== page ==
The Microsoft Bytecode Engineering Library (MBEL) is a tool for parsing, creating, editing, and rewriting .NET executables and libraries. It is implemented completely in the Java programming language, which facilitates portability across different systems. The objects defined closely resemble the metadata structures defined in the ECMA-335 specification. Among the many uses of MBEL are code analysis, optimization, obfuscation, and watermarking.
The DObject Library C++ is a Java-like library that acts as a bridge between the C++ and the Java worlds. It offers a wide range of the Java facilities without losing the power of C++. It offers naming convention that is similar to the Java language, smart pointers emulating Java references, and classes emulating Java arrays.
CMI is an optimizing frontend for gcc which allows gcc to inline across module boundaries without requiring you to put inline functions in header files or even mark inline functions for inlining. It makes your code go faster, makes your code smaller, makes your embedded software use less stack space, is a preprocessor for gcc, supports most gcc extensions, and is able to deal with such notoriously tricky code as the glibc header files. It works by merging multiple C files into one file, topologically sorting the definitions so that definitions come before uses, and marks functions as inline. It controls code bloat by deleting dead code and inlining up until a user-specified budget is reached. You can use user-specified heuristics to select which functions to inline (it includes a tool which uses gprof output to choose inlinings to illustrate this).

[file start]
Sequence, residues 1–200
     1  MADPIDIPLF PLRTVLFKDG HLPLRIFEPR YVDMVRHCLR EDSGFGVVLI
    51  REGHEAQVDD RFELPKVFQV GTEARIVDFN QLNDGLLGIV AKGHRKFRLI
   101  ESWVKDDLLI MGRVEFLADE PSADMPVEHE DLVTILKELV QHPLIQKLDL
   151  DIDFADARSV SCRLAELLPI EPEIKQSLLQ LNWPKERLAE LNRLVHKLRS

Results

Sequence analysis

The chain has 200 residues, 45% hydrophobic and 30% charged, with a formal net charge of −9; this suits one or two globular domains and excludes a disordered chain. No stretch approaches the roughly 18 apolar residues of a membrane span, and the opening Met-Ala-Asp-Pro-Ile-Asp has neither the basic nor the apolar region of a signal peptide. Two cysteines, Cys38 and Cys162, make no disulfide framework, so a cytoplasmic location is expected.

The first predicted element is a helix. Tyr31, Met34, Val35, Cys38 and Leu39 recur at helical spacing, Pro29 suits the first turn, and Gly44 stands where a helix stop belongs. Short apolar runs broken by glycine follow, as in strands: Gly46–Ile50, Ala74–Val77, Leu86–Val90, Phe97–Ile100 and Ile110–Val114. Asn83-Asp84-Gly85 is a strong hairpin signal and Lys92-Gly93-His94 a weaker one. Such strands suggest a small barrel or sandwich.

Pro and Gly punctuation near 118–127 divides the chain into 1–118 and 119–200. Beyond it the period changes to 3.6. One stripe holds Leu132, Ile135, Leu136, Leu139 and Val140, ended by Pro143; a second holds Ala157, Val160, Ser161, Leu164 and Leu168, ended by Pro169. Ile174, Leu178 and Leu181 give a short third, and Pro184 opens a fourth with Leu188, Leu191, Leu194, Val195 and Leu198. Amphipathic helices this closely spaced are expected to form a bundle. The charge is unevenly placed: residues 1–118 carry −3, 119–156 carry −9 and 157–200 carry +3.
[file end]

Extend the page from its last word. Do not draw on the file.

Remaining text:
Invicta is an open-source build management tool. Using simple project definition files, it generates powerful build scripts (Apache ANTs) while hiding their complexity. Furthermore, Invicta is a modular framework that allows advanced developers add their own customized types of components, which means writing once ANT code that can later be used by all developers in their project or company simply by specifying the new type name.
Perthon converts Python source code to human- readable Perl 5.x source code. It makes use of Damian Conway's Parse::RecDescent for parsing, and aims to reimplement the Python language as specified in the Python Reference Manual and BNF grammar. Perthon is similar to Jython (www.jython.org), which reimplements Python on the JVM, except that Perthon works at the source code (not byte code) level. Perthon does the reverse of Bridgekeeper (http://www.crazy-compilers.com/bridgekeeper/), which attempts to solve the (much harder) problem of Perl-to-Python source code machine translation.
Brook for GPUs is a compiler and runtime implementation of the Brook stream programming language for modern graphics hardware. The goals for this project are to demonstrate general purpose programing on GPUs, to provide a useful tool for developers who want to run applications on GPUs, and to research the stream language programming model, streaming applications, and system implementations.
Happy is a parser generator system for Haskell, similar to the tool 'yacc' for C. Like yacc, it takes a file containing an annotated BNF specification of a grammar and produces a Haskell module containing a parser for the grammar. It is flexible: you can have several Happy parsers in the same program, and several entry points to a single grammar. It can work in conjunction with a lexical analyser supplied by the user (either hand-written or generated by another program), or it can parse a stream of characters directly (but this isn't practical in most cases).